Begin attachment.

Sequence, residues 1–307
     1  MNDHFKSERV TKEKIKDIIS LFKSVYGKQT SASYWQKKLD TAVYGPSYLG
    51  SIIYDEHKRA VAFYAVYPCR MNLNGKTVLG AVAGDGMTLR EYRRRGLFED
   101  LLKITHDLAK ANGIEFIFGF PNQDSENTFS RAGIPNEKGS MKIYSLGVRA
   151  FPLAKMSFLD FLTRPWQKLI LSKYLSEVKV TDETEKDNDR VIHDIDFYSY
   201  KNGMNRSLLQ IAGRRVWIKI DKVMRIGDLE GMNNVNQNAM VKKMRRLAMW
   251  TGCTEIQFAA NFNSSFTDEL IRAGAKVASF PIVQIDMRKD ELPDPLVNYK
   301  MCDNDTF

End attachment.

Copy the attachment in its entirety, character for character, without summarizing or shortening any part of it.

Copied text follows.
Sequence, residues 1–307
     1  MNDHFKSERV TKEKIKDIIS LFKSVYGKQT SASYWQKKLD TAVYGPSYLG
    51  SIIYDEHKRA VAFYAVYPCR MNLNGKTVLG AVAGDGMTLR EYRRRGLFED
   101  LLKITHDLAK ANGIEFIFGF PNQDSENTFS RAGIPNEKGS MKIYSLGVRA
   151  FPLAKMSFLD FLTRPWQKLI LSKYLSEVKV TDETEKDNDR VIHDIDFYSY
   201  KNGMNRSLLQ IAGRRVWIKI DKVMRIGDLE GMNNVNQNAM VKKMRRLAMW
   251  TGCTEIQFAA NFNSSFTDEL IRAGAKVASF PIVQIDMRKD ELPDPLVNYK
   301  MCDNDTF